“It’s hard to win cases against police officers, and because plaintiffs usually lose, police are not deterred from their bad behavior,” said Teressa Ravenell, who also is a professor at Villanova’s Charles Widger School of Law.
Ravenell made her comments during the American Constitution Society’s recent briefing call on police violence and systematic racism in the U.S. legal system. ACS held the call in response to the killing of George Floyd and waves of protest across the country.
Ravenell said that federal law allows individuals to sue when their civil rights are violated by government actors, but that law has not prevented police violence either.
The law, Section 1983, has become “another example of systematic failure,” she remarked. The statute is “not inherently flawed,” but the U.S. Supreme Court’s interpretation of the statute has caused it to fail, she said. Problematic interpretation of Section 1983 includes the judge-made doctrine of qualified immunity, Ravenell said.
The qualified immunity doctrine protects public officials from civil liability unless their conduct violates a clearly established constitutional right about which a reasonable person would have known. The Supreme Court has written that the doctrine protects "all but the plainly incompetent or those who knowingly violate the law” and balances the need to hold public officials accountable when they act irresponsibly with the need to shield them from harassment, distraction, and liability when they perform their duties reasonably.
In a 2018 dissent, however, Justice Sonia Sotomayor wrote that the doctrine “tells officers that they can shoot first and think later, and it tells the public that palpably unreasonable conduct will go unpunished.”
The doctrine has recently shielded officers from liability for stealing $225,000 while executing a search warrant, shooting a 10-year-old boy in his backyard while pursuing a suspect, and slamming to the ground a woman who turned to walk away from an officer toward her daughter, rendering the woman unconscious.
Ravenell set forth five large hurdles plaintiffs face under current law, which in her view result in continued racist law enforcement.
First, the Supreme Court’s Fourth Amendment cases give police officers too much power to stop, investigate, and arrest Black people. Police may legally stop someone if an officer has reasonable suspicion to think that criminal activity is afoot, and that standard can be met when a person acts evasively in a high-crime area. Ravenell called “high-crime area” a “fancy way” of saying poor, Black neighborhoods. As a result, Blacks are more likely to be stopped by police. Further, Blacks are pulled over for traffic violations more than any other group, she said.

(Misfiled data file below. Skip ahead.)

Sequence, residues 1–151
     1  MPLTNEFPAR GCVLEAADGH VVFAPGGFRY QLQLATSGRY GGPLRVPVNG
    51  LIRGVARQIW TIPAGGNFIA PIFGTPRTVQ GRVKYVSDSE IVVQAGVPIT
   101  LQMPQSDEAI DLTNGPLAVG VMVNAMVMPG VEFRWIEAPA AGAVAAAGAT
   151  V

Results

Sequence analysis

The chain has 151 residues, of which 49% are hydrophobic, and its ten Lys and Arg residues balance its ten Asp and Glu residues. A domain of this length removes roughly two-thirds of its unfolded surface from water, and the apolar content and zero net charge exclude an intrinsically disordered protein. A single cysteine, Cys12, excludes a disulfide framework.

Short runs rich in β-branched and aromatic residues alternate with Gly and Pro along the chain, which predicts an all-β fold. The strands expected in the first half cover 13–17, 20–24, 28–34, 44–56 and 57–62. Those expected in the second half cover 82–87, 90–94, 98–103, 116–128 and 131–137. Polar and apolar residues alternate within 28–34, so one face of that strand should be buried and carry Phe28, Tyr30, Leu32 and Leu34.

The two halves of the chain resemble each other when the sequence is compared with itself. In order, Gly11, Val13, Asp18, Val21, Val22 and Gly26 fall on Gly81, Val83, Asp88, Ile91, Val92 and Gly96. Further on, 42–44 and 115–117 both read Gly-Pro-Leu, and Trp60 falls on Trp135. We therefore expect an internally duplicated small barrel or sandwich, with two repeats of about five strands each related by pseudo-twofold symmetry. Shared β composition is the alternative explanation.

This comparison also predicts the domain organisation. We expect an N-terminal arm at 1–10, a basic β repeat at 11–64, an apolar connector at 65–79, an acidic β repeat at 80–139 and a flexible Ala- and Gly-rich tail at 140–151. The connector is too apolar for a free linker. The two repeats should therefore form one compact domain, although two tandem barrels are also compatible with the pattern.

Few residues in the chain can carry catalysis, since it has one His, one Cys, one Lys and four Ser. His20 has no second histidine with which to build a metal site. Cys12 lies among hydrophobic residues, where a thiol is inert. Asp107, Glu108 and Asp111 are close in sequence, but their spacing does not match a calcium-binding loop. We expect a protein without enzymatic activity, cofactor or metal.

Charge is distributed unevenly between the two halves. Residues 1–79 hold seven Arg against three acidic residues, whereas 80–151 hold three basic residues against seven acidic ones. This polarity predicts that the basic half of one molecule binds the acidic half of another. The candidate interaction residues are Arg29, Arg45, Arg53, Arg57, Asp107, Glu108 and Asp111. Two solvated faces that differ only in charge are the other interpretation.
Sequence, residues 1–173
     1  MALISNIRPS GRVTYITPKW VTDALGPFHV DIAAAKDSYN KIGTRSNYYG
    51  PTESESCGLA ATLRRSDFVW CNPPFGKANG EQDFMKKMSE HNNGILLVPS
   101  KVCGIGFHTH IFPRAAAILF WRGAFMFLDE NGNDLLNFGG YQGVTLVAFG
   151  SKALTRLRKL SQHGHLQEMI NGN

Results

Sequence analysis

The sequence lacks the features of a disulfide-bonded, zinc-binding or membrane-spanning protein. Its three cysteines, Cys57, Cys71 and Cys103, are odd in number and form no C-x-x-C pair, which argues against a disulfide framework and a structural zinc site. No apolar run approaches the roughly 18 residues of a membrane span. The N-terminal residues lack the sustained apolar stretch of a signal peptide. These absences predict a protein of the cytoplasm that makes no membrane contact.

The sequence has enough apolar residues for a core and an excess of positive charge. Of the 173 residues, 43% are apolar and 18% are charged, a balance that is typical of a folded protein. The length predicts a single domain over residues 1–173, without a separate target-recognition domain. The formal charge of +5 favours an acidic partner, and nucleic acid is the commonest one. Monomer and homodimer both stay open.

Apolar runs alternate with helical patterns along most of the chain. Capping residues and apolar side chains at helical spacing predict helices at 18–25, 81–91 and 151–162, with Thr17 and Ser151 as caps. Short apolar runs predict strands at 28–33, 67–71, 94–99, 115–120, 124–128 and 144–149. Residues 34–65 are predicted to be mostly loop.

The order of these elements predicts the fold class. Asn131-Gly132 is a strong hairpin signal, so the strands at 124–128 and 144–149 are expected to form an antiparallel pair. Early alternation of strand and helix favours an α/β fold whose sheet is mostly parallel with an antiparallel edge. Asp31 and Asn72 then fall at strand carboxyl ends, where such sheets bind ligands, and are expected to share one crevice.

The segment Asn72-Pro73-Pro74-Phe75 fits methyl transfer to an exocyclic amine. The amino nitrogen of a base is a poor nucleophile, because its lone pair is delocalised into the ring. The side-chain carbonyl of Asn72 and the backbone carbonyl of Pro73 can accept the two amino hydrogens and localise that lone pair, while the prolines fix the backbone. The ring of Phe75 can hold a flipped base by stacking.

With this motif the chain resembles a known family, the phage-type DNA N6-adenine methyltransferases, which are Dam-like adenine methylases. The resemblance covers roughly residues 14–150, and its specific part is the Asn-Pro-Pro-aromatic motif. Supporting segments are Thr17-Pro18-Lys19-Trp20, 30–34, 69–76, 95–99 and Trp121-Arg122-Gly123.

Second, the Court’s Fourth Amendment cases give police officers too much license to use force. The court has allowed officers to use deadly force when they reasonably believe a person poses an immediate threat of harm to the officer or others, and too often officers view unarmed Black men as threats, Ravenell said. Ravenell proposed that the qualified immunity standard should at the least be transformed from considering what a reasonable or average officer would do to what a well-trained officer would do in the situation.
Third, Ravenell said, under current law plaintiffs face too many causation problems because they must establish which specific officers harmed them. For instance, a protester shot by a rubber bullet must show which officer fired the shot. But that is impossible if officers will not testify against each other, she remarked.
Fourth, the qualified immunity defense protects officers in too many situations when the law was not clearly established at the time the officers acted. “Many people are writing about this right now,” she said, adding that “we need to eliminate the qualified immunity defense.”
Fifth, even when plaintiffs succeed, verdicts against officers fail to alter conduct because officers do not pay the verdicts against them; taxpayers do.
Ravenell closed by noting that the failure to fire violent officers also played a role in creating the current crisis. The officer who killed George Floyd had 18 prior complaints against him, she noted. Ravenell compared the vastly greater money spent on monitoring parolees with that spent on monitoring police.
“We need to ensure that police departments have the incentive and the means to terminate the recidivist officers,” plus a database to track them so they are not hired by other communities, she said.
Another call participant, Taja-Nia Henderson, a professor at Rutgers Law School and dean of the Rutgers Graduate School, discussed the historical predicates for police abuses today.
Henderson described how policing in the United States has always been linked to property interests and the control of black and brown bodies.
By Margo Kirchner
Voters who approved an amendment to the state constitution that killed a safeguard for fair trials in criminal cases were not adequately informed by the amendment's wording what voting “yes” on the referendum would actually do, the Wisconsin Justice Initiative and others argue in seeking to have the amendment invalidated.
The “Marsy’s Law” amendment eliminates a defendant’s right to have an alleged victim kept out of the courtroom if that is necessary to ensure a fair trial. Marsy’s Law allows the alleged victim to attend all proceedings, even if that clearly jeopardizes the possibility of a fair trial.
WJI and fellow plaintiffs WJI Board President Craig Johnson, WJI Treasurer Jacqueline Boynton, attorney Jerome Buting, and State Sen. Fred Risser (D-Madison) recently filed their motion and supporting brief to strike the new amendment from the state constitution. The plaintiffs contend that the ballot question was defective, voiding the referendum's outcome.